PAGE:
Bawa Kammampoal


Colonizers have used language as an instrument of socio-political and economic control during colonisation. This has enabled them in the process to establish power hierarchy based mostly on linguistic superiority by undermining native tongues. In recent years, theories of postcolonial discourses hold the view that colonialism has fundamentally affected modes of representation of colonised spaces. Through questioning and travestying western hegemonic discourses, writers from once colonised spaces have challenged and subverted the hegemonic power of the colonial language by inserting different strategies into their own language to suit socio-cultural contexts. For postcolonial literary artists, this consists in taking the language of the former imperial power, to unlearn its worldview and re-place it in a discourse fully adapted to ones’ own space and subsequently, produce new modes of representation in countering colonial canonical texts. In this sense, postcolonial discourse is crystallised by and replete with ‘abrogation’ and ‘appropriation’ in the canon of postcolonial studies. This suggests the writer’s use of linguistic structure of the borrowed language, the manipulation of its syntactical structure as well as its semantics, to convey stance against the colonizer. In its pronouncement, an effort is made to advocate for a critical rethinking of the legacies of colonial domination as well as its accompanying epistemologies. Kenyan novelist Ngugi wa Thiong’o uses elements of oral tradition (orality) or better indigenous poetics in his fictional works, mostly The River Between, to express the meanings, feelings and experiences of his Gikuyu people. Thus, orality as a means of communication and carrier of the culture of those people to whom it is a mother tongue, has social, cultural, and political aesthetic roles to play in the African worldview. To achieve this, Ngugi employs historically significant events, moments and stylistic features which are characteristics of oral tradition to emphasise important key concepts that help to reconstruct positive moral values in conflict with foreign ones in a fragmented Kenyan society. Though many controversies surround Ngugi’s writing and its medium of reception, this paper contends that his fictions written in his mother tongue or in English and/or translated into English, are part and parcel of his endeavour to appropriate the literary enterprise not only as a weapon of active physical revolt and textual indignation but also as against (post)colonial pathologies. Ngugi refashions the colonial English language to show that his country, Kenya, is not a mere passive entity in tolerating colonial legacies; but challenges western hegemonic power dimensions, dismantles them to the point of bringing them under its own terms and conditions. The conceptual frameworks that underpin the study are New historicism (New Culturalism) and postcolonial theory.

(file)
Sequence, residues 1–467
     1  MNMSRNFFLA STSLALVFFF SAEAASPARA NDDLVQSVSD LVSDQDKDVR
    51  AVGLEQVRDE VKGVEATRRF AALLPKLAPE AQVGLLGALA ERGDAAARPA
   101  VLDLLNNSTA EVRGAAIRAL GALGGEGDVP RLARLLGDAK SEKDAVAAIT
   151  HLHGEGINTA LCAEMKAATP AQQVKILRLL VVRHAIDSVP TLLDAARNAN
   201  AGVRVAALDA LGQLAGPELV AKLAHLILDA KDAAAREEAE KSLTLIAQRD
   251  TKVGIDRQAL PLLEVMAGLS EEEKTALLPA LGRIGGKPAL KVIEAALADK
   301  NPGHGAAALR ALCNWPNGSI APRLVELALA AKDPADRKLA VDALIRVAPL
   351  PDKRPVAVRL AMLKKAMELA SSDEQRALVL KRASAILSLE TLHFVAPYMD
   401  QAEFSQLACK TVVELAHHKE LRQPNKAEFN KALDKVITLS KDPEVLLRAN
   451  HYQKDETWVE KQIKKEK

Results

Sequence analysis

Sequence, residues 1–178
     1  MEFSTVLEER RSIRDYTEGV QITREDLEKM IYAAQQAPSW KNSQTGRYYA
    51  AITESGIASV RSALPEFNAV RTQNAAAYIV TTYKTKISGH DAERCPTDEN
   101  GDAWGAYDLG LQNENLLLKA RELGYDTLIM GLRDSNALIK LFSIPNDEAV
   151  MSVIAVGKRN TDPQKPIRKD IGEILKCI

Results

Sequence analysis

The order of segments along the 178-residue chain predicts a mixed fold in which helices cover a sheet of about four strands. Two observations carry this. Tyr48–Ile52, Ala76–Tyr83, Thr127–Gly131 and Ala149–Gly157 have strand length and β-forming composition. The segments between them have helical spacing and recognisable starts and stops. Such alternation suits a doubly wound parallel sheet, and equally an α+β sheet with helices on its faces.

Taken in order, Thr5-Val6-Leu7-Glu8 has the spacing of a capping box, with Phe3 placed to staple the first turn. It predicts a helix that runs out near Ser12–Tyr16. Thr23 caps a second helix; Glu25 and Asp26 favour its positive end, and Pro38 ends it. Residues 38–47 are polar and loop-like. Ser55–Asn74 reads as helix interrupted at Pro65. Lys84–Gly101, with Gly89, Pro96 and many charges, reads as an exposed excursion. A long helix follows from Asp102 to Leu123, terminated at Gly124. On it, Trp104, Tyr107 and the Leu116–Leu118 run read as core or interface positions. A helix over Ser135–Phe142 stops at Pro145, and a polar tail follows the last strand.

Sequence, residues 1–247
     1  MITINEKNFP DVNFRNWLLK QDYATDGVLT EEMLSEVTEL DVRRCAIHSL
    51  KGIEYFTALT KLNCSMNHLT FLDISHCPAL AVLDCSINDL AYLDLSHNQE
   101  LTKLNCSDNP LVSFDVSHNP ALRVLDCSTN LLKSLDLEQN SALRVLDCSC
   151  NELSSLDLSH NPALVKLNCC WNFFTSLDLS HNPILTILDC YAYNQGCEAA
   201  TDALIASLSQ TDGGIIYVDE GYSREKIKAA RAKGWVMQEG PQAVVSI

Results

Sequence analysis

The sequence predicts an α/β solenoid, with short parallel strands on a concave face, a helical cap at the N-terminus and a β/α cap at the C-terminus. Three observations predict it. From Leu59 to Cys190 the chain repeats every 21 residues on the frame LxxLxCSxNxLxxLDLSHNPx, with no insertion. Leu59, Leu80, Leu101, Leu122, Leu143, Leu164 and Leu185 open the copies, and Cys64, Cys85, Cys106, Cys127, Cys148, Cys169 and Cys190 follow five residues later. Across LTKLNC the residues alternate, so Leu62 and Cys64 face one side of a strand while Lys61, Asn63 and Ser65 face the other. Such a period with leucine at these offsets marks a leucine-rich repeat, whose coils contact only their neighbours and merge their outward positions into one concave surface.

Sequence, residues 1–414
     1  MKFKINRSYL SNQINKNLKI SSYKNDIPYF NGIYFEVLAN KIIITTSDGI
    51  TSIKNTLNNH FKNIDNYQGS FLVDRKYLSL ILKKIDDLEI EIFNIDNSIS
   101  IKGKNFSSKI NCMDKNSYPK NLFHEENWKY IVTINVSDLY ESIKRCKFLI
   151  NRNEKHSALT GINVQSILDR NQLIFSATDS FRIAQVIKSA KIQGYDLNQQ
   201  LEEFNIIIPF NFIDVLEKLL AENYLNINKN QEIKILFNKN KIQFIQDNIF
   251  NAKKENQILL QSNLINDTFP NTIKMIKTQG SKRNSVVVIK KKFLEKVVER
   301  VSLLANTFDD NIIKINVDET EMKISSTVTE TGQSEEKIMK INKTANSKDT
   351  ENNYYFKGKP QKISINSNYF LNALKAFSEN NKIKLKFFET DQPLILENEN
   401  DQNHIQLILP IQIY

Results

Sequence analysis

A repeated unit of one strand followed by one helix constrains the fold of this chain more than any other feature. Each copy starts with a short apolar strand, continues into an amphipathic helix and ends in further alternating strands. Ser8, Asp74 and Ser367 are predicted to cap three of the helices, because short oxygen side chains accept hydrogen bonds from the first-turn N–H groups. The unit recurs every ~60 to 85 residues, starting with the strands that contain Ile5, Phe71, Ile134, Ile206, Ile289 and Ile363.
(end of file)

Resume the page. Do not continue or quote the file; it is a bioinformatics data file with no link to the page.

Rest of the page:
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literacy, orality, abrogation, appropriation, Ngugi Wa Thiong’o’s The River Between

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